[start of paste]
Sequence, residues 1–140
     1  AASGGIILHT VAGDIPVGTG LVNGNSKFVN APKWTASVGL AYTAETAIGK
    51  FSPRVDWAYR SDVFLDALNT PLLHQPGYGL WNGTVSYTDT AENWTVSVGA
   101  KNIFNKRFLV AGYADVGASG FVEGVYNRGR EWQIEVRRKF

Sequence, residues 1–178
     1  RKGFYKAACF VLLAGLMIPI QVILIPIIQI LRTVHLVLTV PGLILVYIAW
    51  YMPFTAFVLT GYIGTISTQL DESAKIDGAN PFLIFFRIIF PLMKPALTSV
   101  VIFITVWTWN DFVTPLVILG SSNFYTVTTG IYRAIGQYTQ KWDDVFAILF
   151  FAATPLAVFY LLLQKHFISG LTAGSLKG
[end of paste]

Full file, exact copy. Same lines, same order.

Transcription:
Sequence, residues 1–140
     1  AASGGIILHT VAGDIPVGTG LVNGNSKFVN APKWTASVGL AYTAETAIGK
    51  FSPRVDWAYR SDVFLDALNT PLLHQPGYGL WNGTVSYTDT AENWTVSVGA
   101  KNIFNKRFLV AGYADVGASG FVEGVYNRGR EWQIEVRRKF

Sequence, residues 1–178
     1  RKGFYKAACF VLLAGLMIPI QVILIPIIQI LRTVHLVLTV PGLILVYIAW
    51  YMPFTAFVLT GYIGTISTQL DESAKIDGAN PFLIFFRIIF PLMKPALTSV
   101  VIFITVWTWN DFVTPLVILG SSNFYTVTTG IYRAIGQYTQ KWDDVFAILF
   151  FAATPLAVFY LLLQKHFISG LTAGSLKG